ii. A prophet of their own: Paul did not mean that the Cretan writer he quotes here was an inspired prophet of God. But that writer did have it correct when he described the character of the people of Crete. As Paul wrote, this testimony – not the entire testimony of this writer – is true.
iii. “There was a Cretan prophet once who told plain truths to his countrymen. The whole line occurs, according to Jerome, in the [works] of Epimenides, a native of Cnossus in Crete.” (White)
iv. “So notorious were the Cretans that the Greeks actually formed a verb kretizein, to cretize, which means to lie and to cheat; and they had a proverbial phrase, kreitzein pros Kreta, to cretize against a Cretan, which meant to match lies with lies, as diamond cuts diamond.” (Barclay)
v. Paul didn’t say to Titus, “Cretans are liars and cheats and gluttons, with one of the worst reputations of any group in the Roman Empire. You should look for an easier group to work with.” Instead he said, “I know how bad they are. Go out and change them with the power of Jesus and for His glory.”
b. Therefore rebuke them sharply: Because of the generally hardened character of the people of the island of Crete, they must be dealt with directly. Titus himself must rebuke them sharply, that they may be sound in the faith, and he must also appoint leaders who will do the same.
c. Not giving heed to Jewish fables and commandments of men who turn from the truth: As mentioned before (especially those of the circumcision, Titus 1:10) the particular point of contention in the churches of Crete had to do with a Jewish legalism. It was not centered on God’s word, but on Jewish fables and the commandments of men who turn from the truth.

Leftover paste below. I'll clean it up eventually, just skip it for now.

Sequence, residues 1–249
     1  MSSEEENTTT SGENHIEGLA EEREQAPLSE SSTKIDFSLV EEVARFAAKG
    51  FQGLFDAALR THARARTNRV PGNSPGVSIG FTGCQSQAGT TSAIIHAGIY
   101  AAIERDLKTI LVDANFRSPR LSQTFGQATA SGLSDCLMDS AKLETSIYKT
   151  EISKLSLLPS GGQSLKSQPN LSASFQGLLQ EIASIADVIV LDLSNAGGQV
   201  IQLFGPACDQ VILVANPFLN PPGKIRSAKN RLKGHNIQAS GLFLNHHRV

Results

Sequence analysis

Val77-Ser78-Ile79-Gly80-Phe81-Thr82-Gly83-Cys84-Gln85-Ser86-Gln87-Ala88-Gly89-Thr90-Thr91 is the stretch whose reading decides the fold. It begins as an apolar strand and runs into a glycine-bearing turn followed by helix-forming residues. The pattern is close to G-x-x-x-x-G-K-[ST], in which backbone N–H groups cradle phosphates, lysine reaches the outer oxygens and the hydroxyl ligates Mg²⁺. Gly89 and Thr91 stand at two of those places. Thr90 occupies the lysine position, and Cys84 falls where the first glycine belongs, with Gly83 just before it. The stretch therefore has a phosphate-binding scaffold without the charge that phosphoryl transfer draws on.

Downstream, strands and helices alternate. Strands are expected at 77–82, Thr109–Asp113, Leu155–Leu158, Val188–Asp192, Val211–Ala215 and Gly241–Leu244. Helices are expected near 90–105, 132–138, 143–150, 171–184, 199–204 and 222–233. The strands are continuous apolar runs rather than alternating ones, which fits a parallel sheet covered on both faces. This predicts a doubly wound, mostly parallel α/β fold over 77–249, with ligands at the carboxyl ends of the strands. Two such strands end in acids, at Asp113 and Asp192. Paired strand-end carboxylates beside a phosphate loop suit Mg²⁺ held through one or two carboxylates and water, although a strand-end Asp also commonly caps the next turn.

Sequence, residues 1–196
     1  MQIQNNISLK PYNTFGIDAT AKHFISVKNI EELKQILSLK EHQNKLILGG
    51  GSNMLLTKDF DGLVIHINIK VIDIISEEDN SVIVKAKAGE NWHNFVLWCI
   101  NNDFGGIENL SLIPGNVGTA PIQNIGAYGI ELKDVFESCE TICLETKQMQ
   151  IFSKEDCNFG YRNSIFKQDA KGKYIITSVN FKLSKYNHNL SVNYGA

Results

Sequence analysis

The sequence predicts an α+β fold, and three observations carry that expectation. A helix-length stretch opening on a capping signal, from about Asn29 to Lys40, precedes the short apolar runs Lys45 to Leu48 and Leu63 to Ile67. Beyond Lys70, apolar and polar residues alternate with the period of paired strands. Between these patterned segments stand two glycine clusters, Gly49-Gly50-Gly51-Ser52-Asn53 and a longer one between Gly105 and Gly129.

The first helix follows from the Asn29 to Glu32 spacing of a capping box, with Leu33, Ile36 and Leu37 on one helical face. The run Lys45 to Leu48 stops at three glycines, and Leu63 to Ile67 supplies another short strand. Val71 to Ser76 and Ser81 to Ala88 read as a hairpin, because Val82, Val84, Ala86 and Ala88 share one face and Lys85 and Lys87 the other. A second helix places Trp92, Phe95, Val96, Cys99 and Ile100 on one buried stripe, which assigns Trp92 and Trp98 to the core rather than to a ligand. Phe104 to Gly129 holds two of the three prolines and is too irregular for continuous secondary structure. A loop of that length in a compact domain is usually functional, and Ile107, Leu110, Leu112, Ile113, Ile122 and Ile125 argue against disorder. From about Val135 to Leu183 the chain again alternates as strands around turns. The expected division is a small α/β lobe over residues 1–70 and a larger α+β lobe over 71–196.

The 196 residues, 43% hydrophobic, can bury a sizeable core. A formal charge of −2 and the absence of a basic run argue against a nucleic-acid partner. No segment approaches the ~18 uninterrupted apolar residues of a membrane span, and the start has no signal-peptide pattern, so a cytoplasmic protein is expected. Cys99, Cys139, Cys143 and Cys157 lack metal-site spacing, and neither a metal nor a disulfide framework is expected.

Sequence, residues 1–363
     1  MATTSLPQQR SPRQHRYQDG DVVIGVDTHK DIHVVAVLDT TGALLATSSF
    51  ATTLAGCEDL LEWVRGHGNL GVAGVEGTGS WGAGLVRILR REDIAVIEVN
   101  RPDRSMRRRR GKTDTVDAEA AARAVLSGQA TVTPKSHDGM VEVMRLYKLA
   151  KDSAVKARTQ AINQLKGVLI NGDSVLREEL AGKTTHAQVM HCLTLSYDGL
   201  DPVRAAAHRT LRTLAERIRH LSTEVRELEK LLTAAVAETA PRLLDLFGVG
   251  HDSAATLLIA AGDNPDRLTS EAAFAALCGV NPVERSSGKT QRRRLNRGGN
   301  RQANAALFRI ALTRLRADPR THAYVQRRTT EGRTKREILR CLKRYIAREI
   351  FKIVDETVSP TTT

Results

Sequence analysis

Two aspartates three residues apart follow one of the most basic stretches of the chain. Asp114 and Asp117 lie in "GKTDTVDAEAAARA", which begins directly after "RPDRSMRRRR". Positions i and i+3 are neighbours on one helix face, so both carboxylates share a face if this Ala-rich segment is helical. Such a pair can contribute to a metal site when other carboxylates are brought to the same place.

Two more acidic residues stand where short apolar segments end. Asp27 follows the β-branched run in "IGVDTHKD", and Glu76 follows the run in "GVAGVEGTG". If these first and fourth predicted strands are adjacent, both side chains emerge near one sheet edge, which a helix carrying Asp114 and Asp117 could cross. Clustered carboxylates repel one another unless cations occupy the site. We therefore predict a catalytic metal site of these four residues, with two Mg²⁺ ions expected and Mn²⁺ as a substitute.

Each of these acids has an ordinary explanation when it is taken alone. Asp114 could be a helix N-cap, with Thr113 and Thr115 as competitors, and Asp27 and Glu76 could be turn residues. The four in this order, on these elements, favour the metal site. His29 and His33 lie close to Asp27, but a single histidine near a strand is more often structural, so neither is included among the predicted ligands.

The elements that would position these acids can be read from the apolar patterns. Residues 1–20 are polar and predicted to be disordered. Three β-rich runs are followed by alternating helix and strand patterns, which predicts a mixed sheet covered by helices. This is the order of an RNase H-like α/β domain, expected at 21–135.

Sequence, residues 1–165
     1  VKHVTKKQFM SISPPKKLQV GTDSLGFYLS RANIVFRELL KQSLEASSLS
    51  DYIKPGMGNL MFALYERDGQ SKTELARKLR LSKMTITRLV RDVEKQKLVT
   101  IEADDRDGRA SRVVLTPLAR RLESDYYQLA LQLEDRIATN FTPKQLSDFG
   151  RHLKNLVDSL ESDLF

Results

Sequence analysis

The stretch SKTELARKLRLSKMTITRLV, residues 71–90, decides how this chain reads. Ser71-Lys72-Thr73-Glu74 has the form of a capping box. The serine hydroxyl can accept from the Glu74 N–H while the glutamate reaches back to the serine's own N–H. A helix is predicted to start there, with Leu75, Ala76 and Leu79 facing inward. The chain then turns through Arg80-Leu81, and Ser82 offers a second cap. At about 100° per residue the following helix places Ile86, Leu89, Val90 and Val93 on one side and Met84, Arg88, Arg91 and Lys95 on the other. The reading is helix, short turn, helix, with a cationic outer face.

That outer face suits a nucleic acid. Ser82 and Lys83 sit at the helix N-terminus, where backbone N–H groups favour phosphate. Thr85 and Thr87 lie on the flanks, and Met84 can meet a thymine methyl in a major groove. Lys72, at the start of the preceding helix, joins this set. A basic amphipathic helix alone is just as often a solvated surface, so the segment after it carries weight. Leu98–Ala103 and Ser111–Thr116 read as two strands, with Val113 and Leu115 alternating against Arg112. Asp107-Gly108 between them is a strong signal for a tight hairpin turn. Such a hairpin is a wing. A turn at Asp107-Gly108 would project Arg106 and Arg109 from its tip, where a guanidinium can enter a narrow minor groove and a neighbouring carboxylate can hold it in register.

3. (15-16) The character of these difficult people.
To the pure all things are pure, but to those who are defiled and unbelieving nothing is pure; but even their mind and conscience are defiled. They profess to know God, but in works they deny Him, being abominable, disobedient, and disqualified for every good work.
a. To the pure, all things are pure: With their attraction to Jewish legalism, the difficult people Titus had to confront seemed to believe that nothing is pure. They denied Christians basic and godly pleasures that were not sin.
i. Timothy had to deal with the same kind of people. Paul warned Timothy about those forbidding to marry, and commanding to abstain from foods which God created to be received with thanksgiving by those who believe and know the truth (1 Timothy 4:3). Paul knew that if a Christian walked in the purity of the Lord, these things were pure to him. But to those of a legalistic mind (those who are defiled and unbelieving), they seemed to believe nothing is pure. The problem was with their defiled and unbelieving minds and consciences, not with the things themselves.